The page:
Bluetooth Speaker Audio Processing

ECE438 Fall 2014
Prof. Mireille Boutin

Chloe Kauffman

Motivation for this page is accredited to noticeably poor sound quality from my Bluetooth headphones while connected to my laptop. This page will explore audio codecs used in Bluetooth devices, specifically audio compression formats and how transmitting device compatibility can result in an altered audio signal and therefore sound quality.

Bluetooth operates in the Industrial, Scientific, Medical (ISM) frequency band at 2.4 GHz to 2.4835 GHz. It uses frequency division spread spectrum communications, also known as frequency hopping spread spectrum (FHSS). [1]
The spectrum is divided into 79 channels. Bandwidth is limited to 1 MHz per channel. Each channel is divided in time into slots which each correspond to an RF hop frequency. [1] The data can use asynchronous connection-less mode (ACL) which requires the headers to contain the address destination and packet-switching, and synchronous connection-oriented (SCO) mode operating at up to 64 kbps per link with a max of three links per two devices. Both these audio channels can operate simultaneously. [1]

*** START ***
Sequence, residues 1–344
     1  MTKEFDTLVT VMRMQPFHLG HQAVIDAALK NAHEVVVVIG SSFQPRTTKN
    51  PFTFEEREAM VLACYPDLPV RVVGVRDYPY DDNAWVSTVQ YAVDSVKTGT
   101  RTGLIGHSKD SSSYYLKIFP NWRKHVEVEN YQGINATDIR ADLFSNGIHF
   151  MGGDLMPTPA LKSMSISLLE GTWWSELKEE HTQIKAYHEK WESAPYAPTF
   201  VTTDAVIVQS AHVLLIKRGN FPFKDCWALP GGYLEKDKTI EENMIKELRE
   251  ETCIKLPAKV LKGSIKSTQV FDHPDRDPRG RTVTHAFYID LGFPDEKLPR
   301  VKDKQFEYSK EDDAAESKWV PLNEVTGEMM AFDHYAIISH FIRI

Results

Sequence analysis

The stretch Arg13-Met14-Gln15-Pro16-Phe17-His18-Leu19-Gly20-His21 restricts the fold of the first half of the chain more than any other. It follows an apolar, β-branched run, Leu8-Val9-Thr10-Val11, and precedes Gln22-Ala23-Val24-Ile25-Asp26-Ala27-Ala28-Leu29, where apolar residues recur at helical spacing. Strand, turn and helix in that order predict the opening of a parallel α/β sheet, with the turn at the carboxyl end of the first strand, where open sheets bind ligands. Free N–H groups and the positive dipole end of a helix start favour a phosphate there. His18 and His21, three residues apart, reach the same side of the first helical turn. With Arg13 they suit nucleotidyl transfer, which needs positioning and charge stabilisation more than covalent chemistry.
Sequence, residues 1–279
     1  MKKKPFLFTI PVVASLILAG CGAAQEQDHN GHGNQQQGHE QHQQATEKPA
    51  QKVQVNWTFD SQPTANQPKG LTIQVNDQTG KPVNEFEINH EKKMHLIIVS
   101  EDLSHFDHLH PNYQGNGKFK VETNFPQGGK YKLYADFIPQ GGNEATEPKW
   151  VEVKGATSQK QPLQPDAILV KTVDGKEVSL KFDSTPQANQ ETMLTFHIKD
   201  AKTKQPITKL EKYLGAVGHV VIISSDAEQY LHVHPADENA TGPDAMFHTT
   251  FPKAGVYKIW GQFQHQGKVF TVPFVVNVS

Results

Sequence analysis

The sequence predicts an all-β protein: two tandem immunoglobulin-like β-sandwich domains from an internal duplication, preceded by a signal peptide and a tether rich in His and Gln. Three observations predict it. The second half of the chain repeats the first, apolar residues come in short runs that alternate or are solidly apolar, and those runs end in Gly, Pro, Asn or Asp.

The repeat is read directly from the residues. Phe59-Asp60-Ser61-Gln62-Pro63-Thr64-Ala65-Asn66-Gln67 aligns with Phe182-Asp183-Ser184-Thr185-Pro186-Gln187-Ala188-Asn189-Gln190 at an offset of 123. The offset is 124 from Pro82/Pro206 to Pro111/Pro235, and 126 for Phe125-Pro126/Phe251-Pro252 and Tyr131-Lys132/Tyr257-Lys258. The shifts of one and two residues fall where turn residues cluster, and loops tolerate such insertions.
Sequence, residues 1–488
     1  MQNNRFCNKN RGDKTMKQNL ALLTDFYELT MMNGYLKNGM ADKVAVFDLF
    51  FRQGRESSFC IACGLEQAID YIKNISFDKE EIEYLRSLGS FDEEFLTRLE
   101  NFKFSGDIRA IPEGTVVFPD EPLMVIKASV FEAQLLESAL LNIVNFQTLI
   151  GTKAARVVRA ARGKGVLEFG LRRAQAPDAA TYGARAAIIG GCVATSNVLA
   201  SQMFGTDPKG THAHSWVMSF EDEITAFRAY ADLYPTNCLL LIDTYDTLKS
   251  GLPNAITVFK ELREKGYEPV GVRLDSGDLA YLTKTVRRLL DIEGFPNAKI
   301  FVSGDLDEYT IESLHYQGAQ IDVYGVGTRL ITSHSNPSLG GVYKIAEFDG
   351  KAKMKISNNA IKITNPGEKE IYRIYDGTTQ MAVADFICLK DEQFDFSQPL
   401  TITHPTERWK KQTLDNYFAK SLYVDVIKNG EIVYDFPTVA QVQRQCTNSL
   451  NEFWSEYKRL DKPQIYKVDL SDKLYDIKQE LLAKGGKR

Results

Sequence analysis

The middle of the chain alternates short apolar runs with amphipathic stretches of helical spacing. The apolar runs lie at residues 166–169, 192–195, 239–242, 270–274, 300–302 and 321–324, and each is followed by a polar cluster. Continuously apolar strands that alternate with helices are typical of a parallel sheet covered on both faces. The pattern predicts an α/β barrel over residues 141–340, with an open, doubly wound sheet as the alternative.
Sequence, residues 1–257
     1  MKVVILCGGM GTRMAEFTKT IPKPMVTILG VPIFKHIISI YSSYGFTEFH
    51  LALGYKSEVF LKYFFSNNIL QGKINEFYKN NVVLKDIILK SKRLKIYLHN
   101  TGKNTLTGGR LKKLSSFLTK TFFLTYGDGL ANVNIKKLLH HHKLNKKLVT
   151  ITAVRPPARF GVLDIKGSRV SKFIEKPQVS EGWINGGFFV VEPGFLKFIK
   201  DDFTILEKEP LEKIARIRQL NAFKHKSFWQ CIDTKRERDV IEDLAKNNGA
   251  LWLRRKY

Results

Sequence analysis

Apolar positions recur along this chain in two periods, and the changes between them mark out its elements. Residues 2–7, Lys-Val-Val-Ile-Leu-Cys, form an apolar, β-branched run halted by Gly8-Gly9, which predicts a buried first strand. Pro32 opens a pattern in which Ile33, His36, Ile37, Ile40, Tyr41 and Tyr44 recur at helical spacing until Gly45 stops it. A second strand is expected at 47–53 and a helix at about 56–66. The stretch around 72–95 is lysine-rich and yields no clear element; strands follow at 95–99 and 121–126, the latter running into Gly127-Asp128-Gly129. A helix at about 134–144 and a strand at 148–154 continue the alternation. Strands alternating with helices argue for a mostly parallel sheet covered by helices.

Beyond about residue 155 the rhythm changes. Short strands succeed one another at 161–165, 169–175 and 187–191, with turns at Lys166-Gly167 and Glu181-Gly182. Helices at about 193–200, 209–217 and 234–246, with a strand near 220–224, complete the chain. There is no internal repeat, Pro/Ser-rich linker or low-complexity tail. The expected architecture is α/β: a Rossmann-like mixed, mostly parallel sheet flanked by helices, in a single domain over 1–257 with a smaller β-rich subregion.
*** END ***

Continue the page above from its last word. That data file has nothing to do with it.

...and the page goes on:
[1] Pohlmann, K. C. (2011). Digital Audio (6th ed.). New York, NY: McGraw Hill.

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